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Be warned, the courts will make costs orders due to litigation misconduct or failure to reasonably negotiate

Unlike most civil litigation in which the losing party generally pays the costs incurred by the winning party, in divorce financial remedy matters, the starting point is that each party bears their own costs.

There are a number of exceptions to this rule but two key exceptions are:

  • When there has been litigation misconduct
  • When a party has failed to reasonably negotiate

A reported case from 2020 highlights the increasing willingness of courts to make costs orders if a party’s conduct falls short of the required standard. This particular case ought to have been relatively straightforward and, had there not been litigation misconduct, the court determined that there should have been a simple 50/50 split of assets

However, this was not how the case played out. A key aspect of the case was a company owned in the parties joint names but which the parties had agreed was to be transferred into the wife’s sole ownership. During the proceedings, the wife alleged that the husband had set up another company in direct competition with their company but that he had set it up in a way to disguise the fact he was the owner, something he denied. In addition, she believed that there had been significant non-disclosure by the husband and that the husband had tampered with evidence.

The court agreed with the wife. It determined that the husband was the true beneficial owner of the competing company, that he had not complied with his disclosure obligations and had deliberately altered an email to suit his case. The court made it clear in its judgment that such behaviour cannot go unpunished.

The outcome

The judge maintained that this was a case whereby the parties should share all the assets equally. He decided that the company would purchase the husband’s shares giving the wife sole ownership and the husband cash equivalent to 50% of its value. However, the court ordered two significant deductions from the purchase price:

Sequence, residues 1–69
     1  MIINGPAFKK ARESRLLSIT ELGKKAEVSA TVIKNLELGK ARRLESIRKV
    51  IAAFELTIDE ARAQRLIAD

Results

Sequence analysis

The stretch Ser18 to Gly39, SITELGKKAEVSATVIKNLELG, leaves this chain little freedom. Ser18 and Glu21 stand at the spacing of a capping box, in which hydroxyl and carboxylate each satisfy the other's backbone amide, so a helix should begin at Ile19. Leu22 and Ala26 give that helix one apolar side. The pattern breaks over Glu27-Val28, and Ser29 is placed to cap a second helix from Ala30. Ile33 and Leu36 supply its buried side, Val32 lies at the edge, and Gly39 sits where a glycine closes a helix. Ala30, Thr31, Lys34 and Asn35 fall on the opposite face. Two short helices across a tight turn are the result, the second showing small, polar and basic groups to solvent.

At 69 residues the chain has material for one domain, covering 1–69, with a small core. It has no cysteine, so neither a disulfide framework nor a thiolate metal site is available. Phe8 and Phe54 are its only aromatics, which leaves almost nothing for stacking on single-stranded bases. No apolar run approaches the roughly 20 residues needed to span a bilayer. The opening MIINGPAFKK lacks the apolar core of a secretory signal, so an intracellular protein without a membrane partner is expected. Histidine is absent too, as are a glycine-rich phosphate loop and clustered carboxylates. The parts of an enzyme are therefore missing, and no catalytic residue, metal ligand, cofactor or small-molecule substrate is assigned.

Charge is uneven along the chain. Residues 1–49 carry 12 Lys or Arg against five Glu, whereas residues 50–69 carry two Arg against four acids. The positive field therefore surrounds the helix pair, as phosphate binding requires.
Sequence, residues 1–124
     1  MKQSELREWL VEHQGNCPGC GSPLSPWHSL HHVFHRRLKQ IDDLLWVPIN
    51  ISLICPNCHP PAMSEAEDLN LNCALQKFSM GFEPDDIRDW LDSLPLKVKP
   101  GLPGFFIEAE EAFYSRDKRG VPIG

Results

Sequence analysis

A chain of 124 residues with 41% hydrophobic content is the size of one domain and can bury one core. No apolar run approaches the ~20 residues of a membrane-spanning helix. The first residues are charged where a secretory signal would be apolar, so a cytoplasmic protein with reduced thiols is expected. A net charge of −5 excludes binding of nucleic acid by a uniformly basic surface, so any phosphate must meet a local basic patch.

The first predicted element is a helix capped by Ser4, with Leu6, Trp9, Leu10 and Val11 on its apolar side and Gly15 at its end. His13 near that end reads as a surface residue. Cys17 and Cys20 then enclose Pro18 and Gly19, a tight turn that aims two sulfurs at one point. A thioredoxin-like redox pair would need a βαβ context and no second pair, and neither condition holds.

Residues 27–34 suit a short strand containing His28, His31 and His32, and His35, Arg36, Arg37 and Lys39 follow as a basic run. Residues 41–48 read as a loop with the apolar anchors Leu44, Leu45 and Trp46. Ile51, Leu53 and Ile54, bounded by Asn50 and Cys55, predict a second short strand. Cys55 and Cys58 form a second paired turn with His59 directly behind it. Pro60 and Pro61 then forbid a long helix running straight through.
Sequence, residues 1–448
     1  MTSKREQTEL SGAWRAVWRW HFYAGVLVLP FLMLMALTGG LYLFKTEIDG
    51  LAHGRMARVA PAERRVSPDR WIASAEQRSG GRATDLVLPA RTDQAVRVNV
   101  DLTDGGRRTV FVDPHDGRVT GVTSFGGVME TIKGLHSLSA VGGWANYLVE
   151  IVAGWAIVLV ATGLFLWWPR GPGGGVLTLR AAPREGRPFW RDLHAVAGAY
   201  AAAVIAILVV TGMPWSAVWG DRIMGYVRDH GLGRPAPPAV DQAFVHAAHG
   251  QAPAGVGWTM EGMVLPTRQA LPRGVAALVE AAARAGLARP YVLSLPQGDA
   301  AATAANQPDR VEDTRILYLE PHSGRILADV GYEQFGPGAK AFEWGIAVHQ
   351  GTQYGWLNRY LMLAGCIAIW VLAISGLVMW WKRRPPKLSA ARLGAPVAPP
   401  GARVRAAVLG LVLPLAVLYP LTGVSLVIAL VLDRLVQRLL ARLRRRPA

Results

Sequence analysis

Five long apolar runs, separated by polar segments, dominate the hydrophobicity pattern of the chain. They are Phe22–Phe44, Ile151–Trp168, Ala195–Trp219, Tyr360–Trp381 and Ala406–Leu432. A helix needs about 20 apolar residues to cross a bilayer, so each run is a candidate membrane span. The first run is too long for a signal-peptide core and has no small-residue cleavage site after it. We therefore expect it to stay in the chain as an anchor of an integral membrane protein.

• £591,535 as a competition discount given the husband had set up a company in competition
  • £278,020 as a costs sanction given his conduct in the proceedings

As a further twist to this case, the cost sanction against the husband was tempered against the wife’s own conduct. In reaching this figure, the court reduced the cost award by £10,000 due to the wife’s own failure to provide full disclosure (albeit not to the same extent as the husband). More significantly however, it had reduced the cost award by £50,000 due to the wife’s unreasonable open negotiation stance. The court determined that the husband’s behaviour did not absolve the wife from negotiating reasonably and that her proposals were so unreasonable that it warranted a cost order against her.

This case sends a clear message to those using the family courts to settle disputes. A failure to follow the rules or to make timely sensible proposals could lead to a cost sanction being imposed. It is therefore well worth taking specialist advice to minimise the risk of falling foul of a cost penalty.

For further information, please get in touch.

Please note that this briefing is designed to be informative, not advisory and represents our understanding of English law and practice as at the date indicated. We would always recommend that you should seek specific guidance on any particular legal issue.

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